ATI E12-15 IR High Level Ammonia Gas Detector
- Requires no routine calibration to ensure proper operation
- Continuous self-test automatically indicates a fault, with fail to safe operation
- Multi-layered filtering system protects optics from dirt and water ingress
|E12-15 IR||High level ammonia gas detector|| |
|Usually ships in 1-2 weeks|
The Model E12-15 IR Infrared Gas Detector is a rugged reliable microprocessor based intelligent gas detector. The E12-15 IR can be used to monitor from PPM levels to explosive levels of ammonia gas.
The E12-15 IR is ideally suited for use in harsh environments where electrochemical sensor life can be short. Areas such as engine rooms, emergency vents, or other high level NH3 areas are excellent applications. The E12-15 IR Infrared Gas Detector will perform reliably in the presence of silicone and other catalytic poisoning agents and can also operate in oxygen free environments or where high background gas levels are present. There are no known poisons that affect this technology.
The E12-15 IR is a stand-alone device providing a linear continuous 4 to 20 mA output representing 0 to full scale.
In The News
Since its population bottomed out, the federally-endangered Piping Plover in the Great Lakes has made a comeback for the ages.
A population that once measured approximately 17 pairs and rebounded, hitting 76 pairs in 2017. The same year that count was made, the plovers had also returned to Gull Point, a nesting location that hadn’t been used in more than 60 years.
In an effort to understand some of the conditions that have allowed this species to return to its habitat, researchers have directed their attention toward a curious instrument for help.
A buoy that floats off the coast of Presque Isle State Park , near where Gull Point is located.Read More
Thirty years ago, white shark sightings near California’s beaches almost never happened. For Chris Lowe, who was a graduate student at California State University’s Shark Lab at the time, spying a dorsal fin from one of the ocean’s top predators was very rare.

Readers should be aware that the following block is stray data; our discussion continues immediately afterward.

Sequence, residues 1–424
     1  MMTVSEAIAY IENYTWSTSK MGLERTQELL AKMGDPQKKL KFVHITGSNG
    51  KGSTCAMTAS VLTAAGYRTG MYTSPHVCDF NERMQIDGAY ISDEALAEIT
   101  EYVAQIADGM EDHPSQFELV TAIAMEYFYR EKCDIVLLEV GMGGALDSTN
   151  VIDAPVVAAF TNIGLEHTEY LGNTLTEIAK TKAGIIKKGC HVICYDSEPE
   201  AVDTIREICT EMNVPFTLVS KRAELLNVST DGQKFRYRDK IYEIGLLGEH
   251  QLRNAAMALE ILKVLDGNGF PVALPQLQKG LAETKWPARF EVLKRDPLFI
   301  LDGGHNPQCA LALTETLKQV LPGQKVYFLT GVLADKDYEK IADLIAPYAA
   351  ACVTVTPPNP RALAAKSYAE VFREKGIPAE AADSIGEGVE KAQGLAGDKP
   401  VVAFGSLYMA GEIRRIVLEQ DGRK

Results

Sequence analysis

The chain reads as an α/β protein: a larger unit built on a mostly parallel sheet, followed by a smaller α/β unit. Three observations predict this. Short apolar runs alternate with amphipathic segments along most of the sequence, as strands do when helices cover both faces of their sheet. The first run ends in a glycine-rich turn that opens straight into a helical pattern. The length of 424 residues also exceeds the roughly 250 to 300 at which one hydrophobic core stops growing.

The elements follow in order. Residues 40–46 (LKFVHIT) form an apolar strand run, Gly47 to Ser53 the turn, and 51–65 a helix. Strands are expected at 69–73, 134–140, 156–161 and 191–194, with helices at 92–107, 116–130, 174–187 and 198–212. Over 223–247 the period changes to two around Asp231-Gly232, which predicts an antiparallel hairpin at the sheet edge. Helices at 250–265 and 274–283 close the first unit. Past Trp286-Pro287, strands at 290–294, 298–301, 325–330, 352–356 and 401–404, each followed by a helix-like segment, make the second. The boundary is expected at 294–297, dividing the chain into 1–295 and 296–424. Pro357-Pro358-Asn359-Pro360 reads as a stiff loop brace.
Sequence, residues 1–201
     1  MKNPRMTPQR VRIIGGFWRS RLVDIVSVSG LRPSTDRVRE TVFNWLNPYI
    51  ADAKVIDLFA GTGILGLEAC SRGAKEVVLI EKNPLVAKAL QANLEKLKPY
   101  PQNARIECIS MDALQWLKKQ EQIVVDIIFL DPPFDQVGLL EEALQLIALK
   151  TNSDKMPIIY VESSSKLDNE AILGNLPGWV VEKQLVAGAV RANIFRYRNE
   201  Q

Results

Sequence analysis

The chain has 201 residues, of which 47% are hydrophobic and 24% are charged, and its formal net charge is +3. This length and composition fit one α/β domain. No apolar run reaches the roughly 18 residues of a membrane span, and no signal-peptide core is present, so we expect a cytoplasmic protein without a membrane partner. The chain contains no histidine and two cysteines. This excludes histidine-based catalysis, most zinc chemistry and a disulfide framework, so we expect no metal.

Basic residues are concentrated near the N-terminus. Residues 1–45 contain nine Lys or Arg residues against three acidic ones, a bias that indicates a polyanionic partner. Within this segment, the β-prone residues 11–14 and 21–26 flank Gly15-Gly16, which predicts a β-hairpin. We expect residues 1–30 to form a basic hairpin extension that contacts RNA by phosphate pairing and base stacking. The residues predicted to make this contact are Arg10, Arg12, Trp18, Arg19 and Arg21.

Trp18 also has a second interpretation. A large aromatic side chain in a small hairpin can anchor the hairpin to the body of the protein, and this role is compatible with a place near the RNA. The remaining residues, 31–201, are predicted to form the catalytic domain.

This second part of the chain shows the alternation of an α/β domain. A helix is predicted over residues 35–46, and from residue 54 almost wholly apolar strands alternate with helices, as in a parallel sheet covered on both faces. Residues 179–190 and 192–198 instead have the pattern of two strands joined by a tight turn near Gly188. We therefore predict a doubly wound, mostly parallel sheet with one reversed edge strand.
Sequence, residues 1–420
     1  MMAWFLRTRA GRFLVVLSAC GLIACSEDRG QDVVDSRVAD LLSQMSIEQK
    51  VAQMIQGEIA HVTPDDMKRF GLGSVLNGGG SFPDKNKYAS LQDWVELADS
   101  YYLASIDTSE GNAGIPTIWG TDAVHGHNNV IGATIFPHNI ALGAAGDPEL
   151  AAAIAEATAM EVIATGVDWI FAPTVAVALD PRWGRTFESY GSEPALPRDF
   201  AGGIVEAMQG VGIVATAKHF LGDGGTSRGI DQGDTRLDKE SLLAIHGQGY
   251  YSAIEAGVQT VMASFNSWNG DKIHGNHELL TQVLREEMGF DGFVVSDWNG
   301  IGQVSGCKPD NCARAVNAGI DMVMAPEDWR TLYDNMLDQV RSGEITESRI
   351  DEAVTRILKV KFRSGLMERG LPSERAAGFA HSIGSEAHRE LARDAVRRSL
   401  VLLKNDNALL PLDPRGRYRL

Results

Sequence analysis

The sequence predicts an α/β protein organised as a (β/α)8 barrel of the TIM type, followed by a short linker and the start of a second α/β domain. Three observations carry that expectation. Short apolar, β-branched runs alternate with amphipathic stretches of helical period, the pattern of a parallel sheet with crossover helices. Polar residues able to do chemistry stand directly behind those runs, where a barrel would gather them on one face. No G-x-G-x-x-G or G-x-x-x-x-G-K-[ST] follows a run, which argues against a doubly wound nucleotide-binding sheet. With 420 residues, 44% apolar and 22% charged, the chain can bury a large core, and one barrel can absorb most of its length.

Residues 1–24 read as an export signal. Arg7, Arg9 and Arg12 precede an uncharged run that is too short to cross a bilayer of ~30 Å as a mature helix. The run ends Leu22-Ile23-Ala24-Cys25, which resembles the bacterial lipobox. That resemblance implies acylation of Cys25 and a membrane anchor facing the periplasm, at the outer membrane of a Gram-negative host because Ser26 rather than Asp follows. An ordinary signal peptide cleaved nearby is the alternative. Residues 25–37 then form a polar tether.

Prior to the mid-90’s, an expansive commercial fishing operation and the loss of marine animals decimated white shark populations. If their food wasn’t being hunted, sharks were getting caught in gill nets. At that point, they would be killed anyways before getting brought to the market to be sold.
Then in 1994, California residents approved propositions that banned gillnets in state waters and enacted protections for the white shark.Read More
Where and how to monitor water quality is always a challenge, particularly in complex aquatic ecosystems. The new REASON Project from a team at Clarkson University is working to demonstrate the utility of using water quality instrumentation in dams on major rivers in the Great Lakes system.
Clarkson University Professor of Biology Michael Twiss spoke with EM about the new approach their team is taking at the Moses-Saunders Power Dam across the St. Lawrence River and the benefits the development of smart infrastructure such as this might offer.
“The upper St. Lawrence River is defined as that which leaves Lake Ontario and is just upstream from the city of Montreal,” explains Dr. Twiss.Read More